6. Consider implementing a compliance program into your practice. View it like a form of preventive care that protects against fraudulent or erroneous conduct. Compliance programs are internal controls and procedures that promote adherence to federal, state, and private health care programs and requirements that help you run your practice legally.

7. Review the existing policies and procedures currently in effect in your office. Make certain that they are appropriate to a multi-discipline practice. Make certain that all policies are written and that they are lawful. I have seen some personnel policies that violate almost every right guaranteed by the United States Constitution. Be sure that yours will not expose you to liability.

8. Make sure that you retain a qualified health care lawyer.

If you have any questions with regard to the above or with respect to any other legal heath care issues, you may FAX your questions to Deborah A. Green, Esq., at 954-971-3787 or call 954-971-7778 or e-mail This e-mail address is being protected from spambots. You need JavaScript enabled to view it . In future issues, she will be answering those questions that are of interest to the broadest audience.

Ms. Green has been a practicing attorney since 1977. She is admitted to the practice of law in the State of New York and Florida and is a member of the American Health Lawyers Association, the New York State Bar Association Health Care System Design Committee, the New York State Bar Association Health Care Providers Committee, the American Bar Association Health Law Section and the Florida Bar Health Law Section. She has formed numerous multi-discipline practices throughout the country.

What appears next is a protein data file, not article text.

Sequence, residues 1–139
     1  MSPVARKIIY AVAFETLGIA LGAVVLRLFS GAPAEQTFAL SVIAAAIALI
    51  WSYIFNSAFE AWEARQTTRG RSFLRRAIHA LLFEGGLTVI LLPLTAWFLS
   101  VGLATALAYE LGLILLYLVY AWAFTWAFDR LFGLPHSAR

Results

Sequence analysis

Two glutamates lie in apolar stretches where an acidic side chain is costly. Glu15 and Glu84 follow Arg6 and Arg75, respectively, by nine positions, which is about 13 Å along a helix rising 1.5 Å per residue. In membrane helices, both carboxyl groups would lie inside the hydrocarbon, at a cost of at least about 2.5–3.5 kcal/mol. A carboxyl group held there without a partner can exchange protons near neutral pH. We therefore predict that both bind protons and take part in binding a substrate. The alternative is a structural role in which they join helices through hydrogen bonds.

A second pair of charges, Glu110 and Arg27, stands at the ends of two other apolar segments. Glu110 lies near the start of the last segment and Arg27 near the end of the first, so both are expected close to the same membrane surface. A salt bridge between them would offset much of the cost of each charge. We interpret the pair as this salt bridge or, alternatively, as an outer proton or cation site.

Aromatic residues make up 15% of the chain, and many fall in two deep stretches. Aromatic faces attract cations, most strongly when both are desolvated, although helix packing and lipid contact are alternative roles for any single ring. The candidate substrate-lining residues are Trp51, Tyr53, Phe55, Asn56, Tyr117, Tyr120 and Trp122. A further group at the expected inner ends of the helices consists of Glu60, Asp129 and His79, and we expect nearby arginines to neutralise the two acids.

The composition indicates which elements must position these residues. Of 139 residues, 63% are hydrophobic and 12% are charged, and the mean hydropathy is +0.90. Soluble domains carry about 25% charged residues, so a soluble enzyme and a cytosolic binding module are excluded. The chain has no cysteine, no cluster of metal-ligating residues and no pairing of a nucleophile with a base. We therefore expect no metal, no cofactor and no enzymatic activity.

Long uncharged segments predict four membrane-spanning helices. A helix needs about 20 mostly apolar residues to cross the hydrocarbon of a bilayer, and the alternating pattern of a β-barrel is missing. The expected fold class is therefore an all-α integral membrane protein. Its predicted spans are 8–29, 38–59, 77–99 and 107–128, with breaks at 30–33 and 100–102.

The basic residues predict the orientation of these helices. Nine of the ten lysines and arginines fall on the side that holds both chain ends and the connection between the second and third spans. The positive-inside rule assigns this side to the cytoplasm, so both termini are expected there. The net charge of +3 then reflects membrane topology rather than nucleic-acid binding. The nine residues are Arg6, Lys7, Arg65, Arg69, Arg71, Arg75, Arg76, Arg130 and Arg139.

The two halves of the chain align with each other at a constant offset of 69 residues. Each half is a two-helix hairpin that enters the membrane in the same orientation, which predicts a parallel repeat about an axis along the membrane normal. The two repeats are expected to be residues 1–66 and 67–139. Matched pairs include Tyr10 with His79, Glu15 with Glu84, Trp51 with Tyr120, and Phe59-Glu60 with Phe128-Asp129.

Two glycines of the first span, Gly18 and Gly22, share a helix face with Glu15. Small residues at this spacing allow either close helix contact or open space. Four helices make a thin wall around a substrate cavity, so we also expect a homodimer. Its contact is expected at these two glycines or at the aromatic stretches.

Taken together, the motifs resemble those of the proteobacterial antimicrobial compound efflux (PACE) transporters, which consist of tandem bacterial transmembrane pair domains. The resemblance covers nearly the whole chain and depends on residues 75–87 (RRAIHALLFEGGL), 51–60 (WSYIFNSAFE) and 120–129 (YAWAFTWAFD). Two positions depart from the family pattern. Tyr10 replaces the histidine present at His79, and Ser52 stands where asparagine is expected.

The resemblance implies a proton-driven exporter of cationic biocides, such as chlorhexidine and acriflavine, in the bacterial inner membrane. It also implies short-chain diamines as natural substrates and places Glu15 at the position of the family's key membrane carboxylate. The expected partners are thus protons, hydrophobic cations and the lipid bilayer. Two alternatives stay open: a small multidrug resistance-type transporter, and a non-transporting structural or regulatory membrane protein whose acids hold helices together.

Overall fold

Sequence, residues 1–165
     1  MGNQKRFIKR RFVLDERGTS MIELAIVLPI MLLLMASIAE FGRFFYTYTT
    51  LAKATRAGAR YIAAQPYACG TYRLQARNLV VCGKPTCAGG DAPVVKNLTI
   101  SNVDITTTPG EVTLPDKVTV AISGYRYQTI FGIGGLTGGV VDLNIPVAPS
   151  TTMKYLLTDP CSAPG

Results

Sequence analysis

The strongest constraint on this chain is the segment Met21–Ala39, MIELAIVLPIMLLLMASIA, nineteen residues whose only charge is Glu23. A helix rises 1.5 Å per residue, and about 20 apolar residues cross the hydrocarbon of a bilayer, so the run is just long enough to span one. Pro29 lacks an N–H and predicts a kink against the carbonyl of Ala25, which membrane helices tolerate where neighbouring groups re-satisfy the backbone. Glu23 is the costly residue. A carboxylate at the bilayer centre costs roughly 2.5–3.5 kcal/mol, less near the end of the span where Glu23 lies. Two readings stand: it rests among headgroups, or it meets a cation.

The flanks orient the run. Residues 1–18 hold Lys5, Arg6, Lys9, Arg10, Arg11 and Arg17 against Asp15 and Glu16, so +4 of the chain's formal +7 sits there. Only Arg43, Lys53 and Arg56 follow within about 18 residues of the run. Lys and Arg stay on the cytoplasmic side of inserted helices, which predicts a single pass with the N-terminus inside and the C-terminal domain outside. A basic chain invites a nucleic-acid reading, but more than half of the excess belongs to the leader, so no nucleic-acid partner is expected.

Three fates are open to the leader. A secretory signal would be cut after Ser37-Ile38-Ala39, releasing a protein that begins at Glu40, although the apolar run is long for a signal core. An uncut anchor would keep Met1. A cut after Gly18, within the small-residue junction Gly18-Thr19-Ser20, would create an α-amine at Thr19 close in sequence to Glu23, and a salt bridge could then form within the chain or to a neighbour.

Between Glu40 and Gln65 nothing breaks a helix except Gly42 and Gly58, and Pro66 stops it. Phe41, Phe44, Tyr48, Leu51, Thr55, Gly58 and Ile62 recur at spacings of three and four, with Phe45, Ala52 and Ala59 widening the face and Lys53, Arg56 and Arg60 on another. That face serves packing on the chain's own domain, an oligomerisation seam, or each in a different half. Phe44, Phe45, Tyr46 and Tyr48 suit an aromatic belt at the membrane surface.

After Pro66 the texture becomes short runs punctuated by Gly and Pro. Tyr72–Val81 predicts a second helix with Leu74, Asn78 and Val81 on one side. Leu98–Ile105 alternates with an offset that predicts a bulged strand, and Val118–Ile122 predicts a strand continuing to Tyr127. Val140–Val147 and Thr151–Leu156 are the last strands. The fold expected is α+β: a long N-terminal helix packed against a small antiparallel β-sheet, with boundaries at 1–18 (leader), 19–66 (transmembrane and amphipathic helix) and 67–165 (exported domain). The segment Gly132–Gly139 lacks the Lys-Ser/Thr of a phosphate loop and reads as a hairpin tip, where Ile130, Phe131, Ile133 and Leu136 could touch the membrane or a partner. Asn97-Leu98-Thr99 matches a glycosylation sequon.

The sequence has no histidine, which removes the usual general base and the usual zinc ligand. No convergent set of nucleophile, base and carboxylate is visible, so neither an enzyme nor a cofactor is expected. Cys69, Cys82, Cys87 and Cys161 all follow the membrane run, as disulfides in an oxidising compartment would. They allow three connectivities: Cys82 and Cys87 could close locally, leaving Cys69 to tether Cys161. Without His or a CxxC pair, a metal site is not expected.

DISCLAIMER

Because this column is being presented to you by an attorney, it would not be complete without a disclaimer. This column is provided subject to and governed expressly by the terms of this disclaimer. This column is provided for educational purposes only. The accuracy or timeliness of the information presented herein is not warranted. The information presented herein is not intended to be advice as to a specific fact pattern with which you may be presented.  Accordingly, please note that the information contained herein is not being presented as legal advice with respect to any matter and that no attorney-client relationship is hereby established.

 
Guilty / Not Guilty
Legal Department
Written by Larry Economos, Esq.   
Sunday, 22 May 2005 15:57